Some of the courtrooms are not even courtrooms: tiny offices or basement rooms without a judge’s bench or jury box. Sometimes the public is not admitted, witnesses are not sworn to tell the truth, and there is no word-for-word record of the proceedings.
Nearly three-quarters of the judges are not lawyers, and many — truck drivers, sewer workers or laborers — have scant grasp of the most basic legal principles. Some never got through high school, and at least one went no further than grade school.
But serious things happen in these little rooms all over New York State. People have been sent to jail without a guilty plea or a trial, or tossed from their homes without a proper proceeding. In violation of the law, defendants have been refused lawyers, or sentenced to weeks in jail because they cannot pay a fine. Frightened women have been denied protection from abuse...
Many justices preside in intimidatingly tight quarters, admitting participants one by one. Many have heard testimony, settled claims or ruled in criminal cases without notifying the prosecutor, lawyers or even the people directly involved. Some justices can be very selective, state records show: At a 1999 criminal trial in Kinderhook, south of Albany, Justice Edward J. Williams admitted everyone but the victim’s lawyer.
During my first few years as an Assistant Public Defender, I was assigned to nearly half of the Town and Village Courts in Monroe County and found that, by and large, most Village and Town Court judges were extremely competent, although there were a few notable exceptions. And, a law degree was not necessarily indicative of competence on the bench. One the the best judges, in my opinion, was a retired state trooper.
That being said, there were judges who didn't follow the law and it was always frustrating to appear in their courts.
I was not at all surprised to read about the abuses of power described in the article, which probably occur more frequently in the more rural counties in this state. I've heard a number of horror stories from other attorneys and experienced a few myself.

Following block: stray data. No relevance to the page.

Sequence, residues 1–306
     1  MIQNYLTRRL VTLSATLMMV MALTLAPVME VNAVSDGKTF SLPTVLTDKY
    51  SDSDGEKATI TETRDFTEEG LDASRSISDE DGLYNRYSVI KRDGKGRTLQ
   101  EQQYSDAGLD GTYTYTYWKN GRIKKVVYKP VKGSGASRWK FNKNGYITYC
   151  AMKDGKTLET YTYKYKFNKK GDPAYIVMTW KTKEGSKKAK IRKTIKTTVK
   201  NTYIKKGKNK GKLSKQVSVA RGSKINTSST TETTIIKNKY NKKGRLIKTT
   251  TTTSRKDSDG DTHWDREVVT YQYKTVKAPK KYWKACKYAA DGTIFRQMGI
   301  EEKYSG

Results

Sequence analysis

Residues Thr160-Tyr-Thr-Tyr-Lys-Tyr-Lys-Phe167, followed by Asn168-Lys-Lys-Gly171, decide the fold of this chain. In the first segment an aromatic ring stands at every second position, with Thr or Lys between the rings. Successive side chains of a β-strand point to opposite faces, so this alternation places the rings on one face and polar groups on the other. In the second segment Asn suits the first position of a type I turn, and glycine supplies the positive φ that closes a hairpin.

The last paragraph quoted above reminded me of an experience that I had in a Justice Court in an outlying county a few years back. I attended court for another attorney at my law firm who had a scheduling conflict. I appeared in court with the male client who was dressed in casual clothing and was clearly not an attorney. After signing in, we waited for more than an hour for his case to be called as other cases were called out of turn, including men who were unrepresented by counsel.
The judge refused to acknowledge or even look at me, although I was assured by Court personnel that he would call my client's case eventually. I began to get frustrated and stood up as each case ended, in the hopes that the judge would notice me, to no avail. On the last occasion, my client stood up as well, and miraculously the judge spoke to him, asked the name of the matter, and then called his case. The judge directed all of his comments to my client and never once acknowledged my presence, although I made sure to state my presence as his counsel for the "record", although no court reporter was present. The judge didn't even glance my way. Needless to say, it was a humiliating and frustrating experience--especially sine I'd been practicing law for nearly 6 years at that point.
A few weeks later, the client forwarded papers to me that he had received from the court. They had been sent to his house and failed to reflect that he had been represented by counsel. I called the court clerk and she revised the Court's records to indicate that I had appeared on our client's behalf and from that point on, documents from the court were sent to our office.
That was the only time in my career that I was completely ignored and discounted by virtue of something so clearly out of my control: my gender. I can assure you, it wasn't a pleasant experience. I can only imagine what it was like to be a female victim of domestic violence in that courtroom, although this quote from the article about a different town court judge likely sums up the experience:
In 20 years in office in Haverstraw, north of New York City in Rockland County, Justice Ralph T. Romano drew attention for his opinions on women, state files show. Arraigning a man in 1997 on charges that he had hit his wife in the face with a telephone, he laughed and asked, “What was wrong with this?” Arraigning a woman on charges that she had sexually abused a 12-year-old boy, the justice asked his courtroom, “Where were girls like this when I was 12?”
And, in case you were wondering, when my male colleague appeared in court on the next court date, his case was heard immediately and the judge actually spoke directly to him. Imagine that.